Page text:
Allicin, a compound found in garlic, is antimicrobial (source: Linus Pauling Institute) – but will garlic really help cure a yeast infection?
There’s a lot of conflicting information about how to get rid of a yeast infection without medication, but there is one thing OB/GYNs want you to know: putting garlic “up there” won’t help! (Source: Health Magazine).
A group of Iranian researchers even tested an allicin-containing cream as a topical ointment, but it was no match for the usual clotrimazole cream (source: Iranian Journal of Nursing and Midwifery Research).
When it comes to yeast infections, it’s best to skip the garlic and head straight to the pharmacy.
Can too Much Garlic Cause Miscarriage?
As I’ve already touched on, garlic can drop blood pressure and thin the blood when taken in large amounts.
Both of these factors are enough to make women wary of garlic, thinking it might lead to miscarriage.
While Ada (a health information database and clinical AI service), lists excess garlic (the amount found in supplements) as a possible cause for the miscarriage, I was not able to find any evidence to back up this claim (source: Ada).
So while there is no science-backed proof that too much garlic can cause miscarriage, we do know that eating garlic in normal food amounts is likely safe, while medicinal amounts are riskier.
Is Garlic Safe in Every Trimester?
Since the FDA lists garlic as “likely safe” to eat during pregnancy, this also means that garlic is safe during any trimester of pregnancy.
This includes the first trimester, which is often a more sensitive time when it comes to safety.
Though not typically recommended during pregnancy, garlic supplements are a different story. As I mentioned above, garlic supplements work to lower blood pressure and thin the blood.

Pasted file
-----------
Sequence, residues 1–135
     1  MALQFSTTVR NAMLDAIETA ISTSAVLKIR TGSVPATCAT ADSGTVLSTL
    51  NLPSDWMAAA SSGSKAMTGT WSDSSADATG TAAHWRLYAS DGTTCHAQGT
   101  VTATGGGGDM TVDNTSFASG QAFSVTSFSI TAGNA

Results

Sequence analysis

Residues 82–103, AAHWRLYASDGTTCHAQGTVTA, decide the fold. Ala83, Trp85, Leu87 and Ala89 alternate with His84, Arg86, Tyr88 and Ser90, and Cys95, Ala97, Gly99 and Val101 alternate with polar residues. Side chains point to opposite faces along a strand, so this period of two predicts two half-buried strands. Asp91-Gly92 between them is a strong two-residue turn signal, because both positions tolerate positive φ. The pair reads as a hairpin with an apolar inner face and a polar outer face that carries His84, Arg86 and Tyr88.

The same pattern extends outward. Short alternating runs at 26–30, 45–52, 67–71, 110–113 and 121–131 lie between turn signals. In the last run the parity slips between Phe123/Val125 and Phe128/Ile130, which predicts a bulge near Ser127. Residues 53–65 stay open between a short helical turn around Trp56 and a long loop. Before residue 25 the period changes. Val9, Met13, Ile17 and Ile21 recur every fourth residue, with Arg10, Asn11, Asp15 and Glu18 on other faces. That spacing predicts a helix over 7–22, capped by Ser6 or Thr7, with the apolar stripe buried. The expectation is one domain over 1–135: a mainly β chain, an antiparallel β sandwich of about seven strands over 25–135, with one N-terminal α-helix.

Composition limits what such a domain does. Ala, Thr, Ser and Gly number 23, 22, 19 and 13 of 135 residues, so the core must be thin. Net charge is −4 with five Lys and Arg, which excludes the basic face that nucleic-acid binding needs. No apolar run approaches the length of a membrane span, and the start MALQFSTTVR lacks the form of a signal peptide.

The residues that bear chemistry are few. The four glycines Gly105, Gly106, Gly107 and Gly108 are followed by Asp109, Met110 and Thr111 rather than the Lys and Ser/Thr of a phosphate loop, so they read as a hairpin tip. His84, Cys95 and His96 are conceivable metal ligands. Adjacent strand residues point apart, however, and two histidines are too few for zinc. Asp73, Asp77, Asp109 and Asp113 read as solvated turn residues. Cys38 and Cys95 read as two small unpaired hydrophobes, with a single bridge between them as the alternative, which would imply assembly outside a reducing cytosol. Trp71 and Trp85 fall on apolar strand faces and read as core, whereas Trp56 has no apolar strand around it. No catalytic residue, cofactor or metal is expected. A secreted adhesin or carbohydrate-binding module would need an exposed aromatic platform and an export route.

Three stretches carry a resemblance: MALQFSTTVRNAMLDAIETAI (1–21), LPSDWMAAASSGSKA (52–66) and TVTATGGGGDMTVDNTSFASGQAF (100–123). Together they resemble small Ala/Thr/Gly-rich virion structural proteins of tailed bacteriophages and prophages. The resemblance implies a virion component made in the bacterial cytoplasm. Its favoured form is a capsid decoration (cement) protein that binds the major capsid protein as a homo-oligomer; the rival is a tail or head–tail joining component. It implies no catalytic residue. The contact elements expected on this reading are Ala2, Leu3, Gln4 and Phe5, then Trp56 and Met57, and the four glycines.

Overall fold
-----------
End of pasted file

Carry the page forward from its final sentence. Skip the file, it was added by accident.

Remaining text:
For this reason, it is best to avoid garlic supplements during very late pregnancy.
If you are taking a garlic supplement, your medical providers likely will recommend that you stop taking them a few weeks before your due date (source: Michigan Medicine).
Garlic Pregnancy and Gender Myths
Garlicky foods, including garlic bread, are often craved during pregnancy. Currently, researchers have yet to determine what causes women to be drawn to this strong flavor during pregnancy.
Similar to other commonly craved foods, such as citrus and chocolate, there is an old-wives’-tale that garlic can clue you in to your baby’s gender.
As the rumor goes, if you eat a lot of garlic but don’t have hints of garlic in your body odor, you’re having a girl (source: Today’s Parent). Unfortunately, this is simply a myth – but don’t let that stop you from having a guess!
Another old-wives’-tale related to garlic is that it can be used as a homemade pregnancy test. There are a couple of different “types” of homemade garlic pregnancy tests floating around the internet.
The most common one I found was a test that involved placing a clove of garlic “down there”- which OB/GYNs definitely do not recommend! – and leaving it overnight. Breath that smells of garlic in the morning means a positive result.
There is absolutely no scientific basis for this homemade garlic pregnancy test, not to mention the danger from leaving the garlic inside of your body.
To test for pregnancy at home, it is really best to pick up a test from the drugstore.
One garlic rumor that is true? Both that amniotic fluid and breast milk of women who frequently eat garlic have the quintessential garlic smell (source: LactMed).
The garlic scent in breast milk might increase the time baby spends suckling, but scientists are still unclear if the garlic odor influences the child’s food preferences later in life (source: LactMed, Science Daily).
In conclusion, though many of the garlic myths don’t contain much truth, there is a lot more to garlic than meets the eye.
While eating garlic is safe during pregnancy, there is no consensus from health organizations on garlic supplements.
This article has been reviewed and approved for publication in line with our editorial policy.